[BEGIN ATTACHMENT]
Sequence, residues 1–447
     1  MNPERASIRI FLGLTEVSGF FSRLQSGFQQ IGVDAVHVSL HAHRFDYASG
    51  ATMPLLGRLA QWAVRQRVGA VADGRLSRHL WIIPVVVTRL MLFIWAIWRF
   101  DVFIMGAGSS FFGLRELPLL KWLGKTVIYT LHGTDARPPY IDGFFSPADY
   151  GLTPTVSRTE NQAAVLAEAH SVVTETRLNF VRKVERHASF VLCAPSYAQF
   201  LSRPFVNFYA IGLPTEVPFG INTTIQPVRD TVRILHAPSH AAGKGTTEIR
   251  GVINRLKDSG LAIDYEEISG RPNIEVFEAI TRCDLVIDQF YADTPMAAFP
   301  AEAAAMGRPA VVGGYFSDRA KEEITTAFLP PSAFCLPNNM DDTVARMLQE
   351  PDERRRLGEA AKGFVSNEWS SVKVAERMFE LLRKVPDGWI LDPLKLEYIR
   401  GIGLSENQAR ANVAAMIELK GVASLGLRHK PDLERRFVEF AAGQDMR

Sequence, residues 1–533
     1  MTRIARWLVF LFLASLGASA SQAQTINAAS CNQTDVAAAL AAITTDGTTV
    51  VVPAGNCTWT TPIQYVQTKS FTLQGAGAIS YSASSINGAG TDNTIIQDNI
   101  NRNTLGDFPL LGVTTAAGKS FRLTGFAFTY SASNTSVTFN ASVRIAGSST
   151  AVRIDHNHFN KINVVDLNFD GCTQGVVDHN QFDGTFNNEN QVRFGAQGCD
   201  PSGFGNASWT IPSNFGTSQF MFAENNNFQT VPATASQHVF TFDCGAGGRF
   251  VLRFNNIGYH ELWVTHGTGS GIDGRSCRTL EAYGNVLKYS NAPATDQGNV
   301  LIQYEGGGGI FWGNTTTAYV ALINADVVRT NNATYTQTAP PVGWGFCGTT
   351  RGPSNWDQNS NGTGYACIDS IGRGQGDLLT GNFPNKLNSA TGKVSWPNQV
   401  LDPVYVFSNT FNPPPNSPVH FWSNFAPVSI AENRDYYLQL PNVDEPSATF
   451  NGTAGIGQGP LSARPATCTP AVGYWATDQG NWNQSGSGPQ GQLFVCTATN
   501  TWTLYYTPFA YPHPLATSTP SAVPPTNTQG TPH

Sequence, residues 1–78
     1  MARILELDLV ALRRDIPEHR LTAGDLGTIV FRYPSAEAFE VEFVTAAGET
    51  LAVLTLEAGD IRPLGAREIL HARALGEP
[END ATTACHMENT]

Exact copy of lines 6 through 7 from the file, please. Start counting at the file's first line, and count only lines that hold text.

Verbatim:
   201  LSRPFVNFYA IGLPTEVPFG INTTIQPVRD TVRILHAPSH AAGKGTTEIR
   251  GVINRLKDSG LAIDYEEISG RPNIEVFEAI TRCDLVIDQF YADTPMAAFP